Preventing, controlling hypertension could reduce China’s high stroke rate

An illustration of China with a stethoscope held up to it.

While in the United States heart disease is the leading cause of death, in China it is stroke. People have speculated for years about why the Chinese are predisposed to stroke to a greater extent than heart disease. Some have believed that there is a genetic predisposition, and others have thought that environmental factors might be responsible.

A new study by Yale investigators has proposed, however, that a difference in the prevalence of risk factors might account for the disparity between frequency of stroke and heart disease in China versus the U.S.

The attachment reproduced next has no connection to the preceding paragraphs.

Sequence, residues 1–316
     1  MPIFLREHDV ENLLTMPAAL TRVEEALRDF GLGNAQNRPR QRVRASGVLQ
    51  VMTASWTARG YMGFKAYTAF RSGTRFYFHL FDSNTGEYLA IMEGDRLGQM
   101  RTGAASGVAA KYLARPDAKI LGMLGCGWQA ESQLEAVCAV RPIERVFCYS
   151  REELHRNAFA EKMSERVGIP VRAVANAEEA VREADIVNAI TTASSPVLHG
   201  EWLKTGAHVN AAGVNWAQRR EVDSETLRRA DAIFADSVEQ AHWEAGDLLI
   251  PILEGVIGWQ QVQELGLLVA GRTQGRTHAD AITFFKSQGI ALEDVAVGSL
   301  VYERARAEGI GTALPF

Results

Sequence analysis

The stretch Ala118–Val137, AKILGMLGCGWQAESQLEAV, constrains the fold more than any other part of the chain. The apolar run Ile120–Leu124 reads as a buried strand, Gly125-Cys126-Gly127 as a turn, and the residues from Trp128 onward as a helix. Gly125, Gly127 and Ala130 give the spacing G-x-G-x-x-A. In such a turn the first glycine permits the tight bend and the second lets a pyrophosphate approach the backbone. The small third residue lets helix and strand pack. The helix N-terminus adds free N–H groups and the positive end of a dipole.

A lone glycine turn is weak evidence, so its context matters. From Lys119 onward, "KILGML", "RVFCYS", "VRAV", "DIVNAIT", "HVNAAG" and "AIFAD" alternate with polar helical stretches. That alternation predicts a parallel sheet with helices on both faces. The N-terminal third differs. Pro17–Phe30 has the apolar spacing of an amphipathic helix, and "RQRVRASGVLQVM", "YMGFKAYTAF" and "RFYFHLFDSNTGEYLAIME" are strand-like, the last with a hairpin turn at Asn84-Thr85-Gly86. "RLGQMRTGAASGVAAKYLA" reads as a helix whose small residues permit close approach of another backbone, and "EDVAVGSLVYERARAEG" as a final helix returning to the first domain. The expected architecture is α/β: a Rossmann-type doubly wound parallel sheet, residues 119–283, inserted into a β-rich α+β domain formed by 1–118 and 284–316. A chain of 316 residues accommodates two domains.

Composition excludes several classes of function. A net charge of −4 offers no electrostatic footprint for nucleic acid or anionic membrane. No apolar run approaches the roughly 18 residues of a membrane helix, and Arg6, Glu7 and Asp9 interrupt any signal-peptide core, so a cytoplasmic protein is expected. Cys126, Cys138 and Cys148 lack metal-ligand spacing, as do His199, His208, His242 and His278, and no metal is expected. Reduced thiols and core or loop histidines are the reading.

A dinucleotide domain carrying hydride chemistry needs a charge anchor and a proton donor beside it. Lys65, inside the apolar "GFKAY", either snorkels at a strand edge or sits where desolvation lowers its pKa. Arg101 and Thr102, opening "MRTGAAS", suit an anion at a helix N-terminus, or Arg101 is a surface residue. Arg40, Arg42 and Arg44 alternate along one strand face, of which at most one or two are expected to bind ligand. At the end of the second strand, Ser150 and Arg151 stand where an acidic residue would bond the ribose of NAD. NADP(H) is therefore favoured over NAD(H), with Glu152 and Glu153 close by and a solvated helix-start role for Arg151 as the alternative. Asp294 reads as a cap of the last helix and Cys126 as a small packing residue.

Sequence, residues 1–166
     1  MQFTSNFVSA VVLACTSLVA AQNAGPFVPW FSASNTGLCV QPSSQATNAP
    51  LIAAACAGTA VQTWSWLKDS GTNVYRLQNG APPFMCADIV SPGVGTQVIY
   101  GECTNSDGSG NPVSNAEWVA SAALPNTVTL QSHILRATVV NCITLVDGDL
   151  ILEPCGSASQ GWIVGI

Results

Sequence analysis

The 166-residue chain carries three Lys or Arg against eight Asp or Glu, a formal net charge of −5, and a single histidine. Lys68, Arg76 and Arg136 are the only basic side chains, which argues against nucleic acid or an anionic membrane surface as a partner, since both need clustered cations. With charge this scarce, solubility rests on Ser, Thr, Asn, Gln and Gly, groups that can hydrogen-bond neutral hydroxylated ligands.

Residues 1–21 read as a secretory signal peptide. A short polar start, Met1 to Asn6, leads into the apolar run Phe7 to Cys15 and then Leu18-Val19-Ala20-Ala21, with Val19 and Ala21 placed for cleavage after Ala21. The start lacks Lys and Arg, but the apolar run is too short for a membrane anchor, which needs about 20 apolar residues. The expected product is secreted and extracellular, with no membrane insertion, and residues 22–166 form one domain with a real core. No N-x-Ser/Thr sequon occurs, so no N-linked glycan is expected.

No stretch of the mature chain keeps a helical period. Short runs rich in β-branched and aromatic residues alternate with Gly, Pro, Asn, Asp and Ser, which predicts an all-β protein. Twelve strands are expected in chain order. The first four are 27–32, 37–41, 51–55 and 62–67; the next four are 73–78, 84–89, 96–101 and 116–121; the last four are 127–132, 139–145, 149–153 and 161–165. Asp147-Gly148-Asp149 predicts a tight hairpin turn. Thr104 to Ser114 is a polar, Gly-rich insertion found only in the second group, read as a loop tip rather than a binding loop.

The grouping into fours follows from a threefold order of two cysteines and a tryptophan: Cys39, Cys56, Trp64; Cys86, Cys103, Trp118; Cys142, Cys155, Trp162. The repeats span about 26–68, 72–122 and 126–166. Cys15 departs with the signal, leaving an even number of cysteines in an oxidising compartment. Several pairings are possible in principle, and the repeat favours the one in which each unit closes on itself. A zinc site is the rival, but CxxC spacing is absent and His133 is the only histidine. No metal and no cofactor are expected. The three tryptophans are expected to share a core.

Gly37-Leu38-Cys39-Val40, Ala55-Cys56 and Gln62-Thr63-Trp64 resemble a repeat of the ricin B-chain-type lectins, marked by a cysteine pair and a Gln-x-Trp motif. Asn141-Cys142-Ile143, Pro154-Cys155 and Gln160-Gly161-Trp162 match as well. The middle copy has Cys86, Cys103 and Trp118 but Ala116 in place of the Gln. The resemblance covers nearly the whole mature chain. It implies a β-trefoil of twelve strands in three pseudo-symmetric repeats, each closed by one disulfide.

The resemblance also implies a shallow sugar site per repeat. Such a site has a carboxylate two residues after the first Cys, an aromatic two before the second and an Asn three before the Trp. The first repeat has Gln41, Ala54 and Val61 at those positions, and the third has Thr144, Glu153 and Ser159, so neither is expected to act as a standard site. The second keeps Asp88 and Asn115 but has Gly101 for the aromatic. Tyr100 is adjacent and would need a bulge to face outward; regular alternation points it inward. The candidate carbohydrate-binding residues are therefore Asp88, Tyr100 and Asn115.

Researchers know that hypertension has a stronger relationship to stroke, while cholesterol is more strongly associated with heart disease. Given this knowledge, the Yale investigators found what they expected in the data: China and the United States had different cardiovascular risk factor profiles, with hypertension being more common in the United States, but China having higher blood pressure levels due to more people not being treated or being inadequately treated.